World Wide Fund for Nature has urged European countries to clean up and restore their rivers, lakes and wetlands due to poor ecological status
A study by the World Wide Fund for Nature conservation group found that 50 out of 69 river stretches in 16 European countries suffered from "poor ecological status."
The group said on Friday that the EU needed to do more to meet its own environmental standards.
The ongoing water study, which will investigate most of Europe’s rivers, is being carried out over a two-year period which started in April 2000.
It found that rivers in some European countries still outside the 15-nation EU had waterways cleaner than those in the EU.
The WWF said the Rhone and Seine in France, the Ebro and Segura in Spain, the Severn in Britain, the Danube in Austria, the Maas and Scheldt in Belgium were among the worst polluted rivers in Europe.
They will all require major restoration works and other actions to meet "good ecological status" before the end of 2015, as required by the EU Water Framework Directive, the WWF study found.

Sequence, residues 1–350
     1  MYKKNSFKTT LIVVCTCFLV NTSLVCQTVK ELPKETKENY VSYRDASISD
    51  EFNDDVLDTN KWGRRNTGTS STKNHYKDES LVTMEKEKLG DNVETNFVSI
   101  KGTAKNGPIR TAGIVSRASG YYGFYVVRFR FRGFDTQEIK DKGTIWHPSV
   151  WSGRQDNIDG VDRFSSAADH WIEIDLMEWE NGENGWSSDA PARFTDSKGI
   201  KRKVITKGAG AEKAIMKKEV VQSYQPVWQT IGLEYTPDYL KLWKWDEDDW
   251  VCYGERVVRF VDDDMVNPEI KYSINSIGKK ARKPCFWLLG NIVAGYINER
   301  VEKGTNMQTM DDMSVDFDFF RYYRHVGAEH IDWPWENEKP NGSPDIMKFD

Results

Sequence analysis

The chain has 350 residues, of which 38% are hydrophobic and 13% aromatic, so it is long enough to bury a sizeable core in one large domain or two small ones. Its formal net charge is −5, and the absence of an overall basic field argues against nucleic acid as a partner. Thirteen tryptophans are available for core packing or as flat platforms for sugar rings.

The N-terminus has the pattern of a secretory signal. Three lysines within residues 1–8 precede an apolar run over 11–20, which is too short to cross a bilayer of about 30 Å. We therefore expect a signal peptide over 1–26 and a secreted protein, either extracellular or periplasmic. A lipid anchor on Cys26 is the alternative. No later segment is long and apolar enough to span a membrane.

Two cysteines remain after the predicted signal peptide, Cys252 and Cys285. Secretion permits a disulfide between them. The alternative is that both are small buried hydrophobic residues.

"Although heavy pollution in Europe’s rivers is reduced, most European rivers are far from achieving their ecological potential," head of WWF’s European Freshwater Programme Jane Madgwick said on Friday.
Of the rivers examined by WWF only a handful already meet future the requirements of the Directive, including the Wye and the Usk in Wales, the Teno in Finland, the Morava in Austria, the Coe in Scotland, the Derwent in England and the Semois in Belgium.
The study blamed the poor state of the waterways on continuing damming and canalisation.
It also said European industries continue to dump waste into rivers, while the run-off of agricultural fertilizers is also seeping into rivers.
The WWF called on European nations to enact the stringent new EU environmental rules which aim to clean up and restore rivers, marshlands and lakes to their original ecological state by 2015.
"European heads of government have signed up for a big improvement in Europe’s rivers," Madgwick said.
"It will require a substantial investment but the costs of reviving Europe’s rivers will be more than repaid by long-term savings in flood damage, water treatment and public health. WWF will be keeping a close eye on EU countries to make sure they live up to these commitments."
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